One of the many vital backstage areas at Welsh National Opera is the costume department, where the outfits for every scene are made and fitted for each cast member. We spoke to Siân Price, Head of Costume, to get an insight into the process.
The department at WNO is quite small, with two cutters, a head tailor, one senior costume maker, four costume makers and two milliners, plus Siân. Processes such as dying, breaking down (where you ‘age’ an item) and jewellery making are done by a member of WNO’s Props team. As Head of the department, which includes Touring Wardrobe, Siân has overall responsibility for all the costumes used on a WNO production, from the making stage right through to their return and storage.
Siân liaises with the designer for each production, beginning with an initial meeting; she then chooses fabrics and purchases everything required. Freelance makers are booked, sometimes with specialist skills. She ensures the workroom team have everything they need, sending fabrics on to the freelancers. She also books in fittings with both the main cast and the Chorus, so there’s a constant running conversation with other departments to schedule these.
Organisation is paramount as three shows are usually worked on at a time. The Chorus is fitted as soon as possible – revivals for an upcoming season are usually done during the current season and often out on tour. New productions are fitted in the workroom (at our home venue, Wales Millennium Centre). As fittings have to be worked in around the Chorus schedule these can run over several weeks and can prove especially tricky if the designer is from another country.
Siân states how ‘pre Covid there was nothing like a typical day; each show throws up different challenges – which is good, as it keeps you on your toes!’ One particularly memorable occasion was for Aida in 2008 – arranging fittings for the Community Chorus. The team only met the Chorus on the Saturday they fitted them. They had linen tunics prepared in a selection of sizes and colours, the members of the Chorus came in one-by-one and got a tunic, sash and hat, which were quickly labelled and then it was on to the next. Siân thinks they saw over 50 people that day, not seeing them again until the stage rehearsals: ‘it wasn’t too bad, we only had to swap a few around’, she recollects.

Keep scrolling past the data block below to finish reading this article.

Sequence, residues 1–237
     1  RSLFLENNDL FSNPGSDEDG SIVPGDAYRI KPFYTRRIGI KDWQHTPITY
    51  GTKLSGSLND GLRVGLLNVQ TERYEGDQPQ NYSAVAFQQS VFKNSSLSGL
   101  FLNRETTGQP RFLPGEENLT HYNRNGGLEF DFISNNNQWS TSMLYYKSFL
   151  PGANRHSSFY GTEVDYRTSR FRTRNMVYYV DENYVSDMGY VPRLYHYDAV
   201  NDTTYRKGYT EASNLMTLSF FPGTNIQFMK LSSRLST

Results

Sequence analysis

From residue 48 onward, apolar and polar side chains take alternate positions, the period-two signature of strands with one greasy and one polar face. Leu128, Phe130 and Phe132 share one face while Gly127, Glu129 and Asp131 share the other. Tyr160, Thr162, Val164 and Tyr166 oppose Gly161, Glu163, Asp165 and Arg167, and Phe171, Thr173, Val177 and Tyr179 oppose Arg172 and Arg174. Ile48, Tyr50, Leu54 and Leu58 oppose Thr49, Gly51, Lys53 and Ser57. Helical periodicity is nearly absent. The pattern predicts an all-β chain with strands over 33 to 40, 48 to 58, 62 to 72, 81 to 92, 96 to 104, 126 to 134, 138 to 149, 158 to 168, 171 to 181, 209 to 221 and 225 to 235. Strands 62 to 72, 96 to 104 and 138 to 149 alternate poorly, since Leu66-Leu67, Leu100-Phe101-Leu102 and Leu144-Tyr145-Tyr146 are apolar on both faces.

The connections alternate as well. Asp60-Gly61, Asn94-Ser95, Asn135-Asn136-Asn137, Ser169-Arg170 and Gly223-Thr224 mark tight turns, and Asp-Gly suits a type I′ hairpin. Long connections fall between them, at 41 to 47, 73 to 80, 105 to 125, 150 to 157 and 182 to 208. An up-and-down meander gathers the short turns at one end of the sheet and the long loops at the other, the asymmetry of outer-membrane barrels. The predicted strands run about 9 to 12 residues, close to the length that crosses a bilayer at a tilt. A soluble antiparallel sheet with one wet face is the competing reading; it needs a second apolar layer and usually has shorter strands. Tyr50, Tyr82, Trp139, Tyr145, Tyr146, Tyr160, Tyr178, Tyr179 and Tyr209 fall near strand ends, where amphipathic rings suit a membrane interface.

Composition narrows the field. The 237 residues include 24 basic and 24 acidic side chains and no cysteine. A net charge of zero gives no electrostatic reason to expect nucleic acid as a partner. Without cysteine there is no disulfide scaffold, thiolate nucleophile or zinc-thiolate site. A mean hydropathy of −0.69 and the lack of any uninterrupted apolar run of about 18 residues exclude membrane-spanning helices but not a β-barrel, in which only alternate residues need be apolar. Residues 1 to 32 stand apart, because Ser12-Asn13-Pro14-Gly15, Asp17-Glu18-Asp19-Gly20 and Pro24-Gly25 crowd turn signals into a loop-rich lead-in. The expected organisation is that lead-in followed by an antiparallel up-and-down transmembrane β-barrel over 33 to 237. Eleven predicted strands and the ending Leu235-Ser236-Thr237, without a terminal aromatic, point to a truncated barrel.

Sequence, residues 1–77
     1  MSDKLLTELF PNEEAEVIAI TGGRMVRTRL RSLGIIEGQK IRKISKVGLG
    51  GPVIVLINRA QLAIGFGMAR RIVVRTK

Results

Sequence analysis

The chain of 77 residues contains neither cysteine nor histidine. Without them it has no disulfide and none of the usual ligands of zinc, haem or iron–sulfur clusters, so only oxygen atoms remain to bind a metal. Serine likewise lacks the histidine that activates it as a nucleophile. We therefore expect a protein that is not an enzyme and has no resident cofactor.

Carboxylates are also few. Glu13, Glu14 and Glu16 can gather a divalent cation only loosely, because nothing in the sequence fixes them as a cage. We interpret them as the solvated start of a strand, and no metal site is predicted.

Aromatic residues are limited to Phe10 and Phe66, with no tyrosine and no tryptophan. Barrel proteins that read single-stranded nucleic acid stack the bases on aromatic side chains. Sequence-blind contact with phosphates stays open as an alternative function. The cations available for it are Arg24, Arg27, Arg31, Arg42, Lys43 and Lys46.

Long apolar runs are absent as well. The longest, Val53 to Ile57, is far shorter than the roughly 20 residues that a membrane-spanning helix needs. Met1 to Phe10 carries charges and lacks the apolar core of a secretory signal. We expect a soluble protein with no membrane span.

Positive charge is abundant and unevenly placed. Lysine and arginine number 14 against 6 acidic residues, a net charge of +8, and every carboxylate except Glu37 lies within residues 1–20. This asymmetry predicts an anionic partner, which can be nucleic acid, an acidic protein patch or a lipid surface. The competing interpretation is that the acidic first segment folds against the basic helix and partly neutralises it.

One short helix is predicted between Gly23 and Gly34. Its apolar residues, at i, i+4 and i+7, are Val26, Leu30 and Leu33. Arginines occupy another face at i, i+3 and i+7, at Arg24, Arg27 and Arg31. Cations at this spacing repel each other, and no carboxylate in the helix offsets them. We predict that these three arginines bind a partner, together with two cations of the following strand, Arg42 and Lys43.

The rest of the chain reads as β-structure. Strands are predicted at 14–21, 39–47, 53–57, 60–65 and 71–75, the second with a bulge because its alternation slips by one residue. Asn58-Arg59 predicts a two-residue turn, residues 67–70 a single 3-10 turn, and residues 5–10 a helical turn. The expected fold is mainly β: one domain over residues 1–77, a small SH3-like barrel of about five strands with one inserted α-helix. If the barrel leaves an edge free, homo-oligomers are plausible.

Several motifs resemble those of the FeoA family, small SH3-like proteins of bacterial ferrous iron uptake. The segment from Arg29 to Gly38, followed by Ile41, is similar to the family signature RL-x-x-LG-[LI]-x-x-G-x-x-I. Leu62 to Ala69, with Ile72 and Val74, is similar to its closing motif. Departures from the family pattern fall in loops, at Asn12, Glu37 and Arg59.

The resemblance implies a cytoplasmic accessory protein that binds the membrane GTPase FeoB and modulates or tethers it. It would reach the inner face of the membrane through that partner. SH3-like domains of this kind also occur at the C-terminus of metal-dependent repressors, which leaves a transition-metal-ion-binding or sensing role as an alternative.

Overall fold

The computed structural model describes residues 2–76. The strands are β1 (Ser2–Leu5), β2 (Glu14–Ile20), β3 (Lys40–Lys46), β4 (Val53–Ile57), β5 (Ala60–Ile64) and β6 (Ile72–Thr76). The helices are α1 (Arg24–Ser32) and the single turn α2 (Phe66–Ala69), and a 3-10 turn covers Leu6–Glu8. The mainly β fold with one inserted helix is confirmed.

During rehearsals Costume staff are on-call to make sure the designer, singer and director are happy. Then when the Company is on tour, the team finish the cover (understudy) singers’ costumes – there may be a large number, so it can take time to get them all done. Prep also begins for the following season.
Post Covid will be very different. Siân says ‘it’s going to be a huge learning experience for us all. It is all about keeping everyone safe and well. There will be no mass fittings; everything will need to be sanitised, with very strict guidelines to follow. Planning and preparation are going to be even more key. It will be a whole new way of working for everyone.’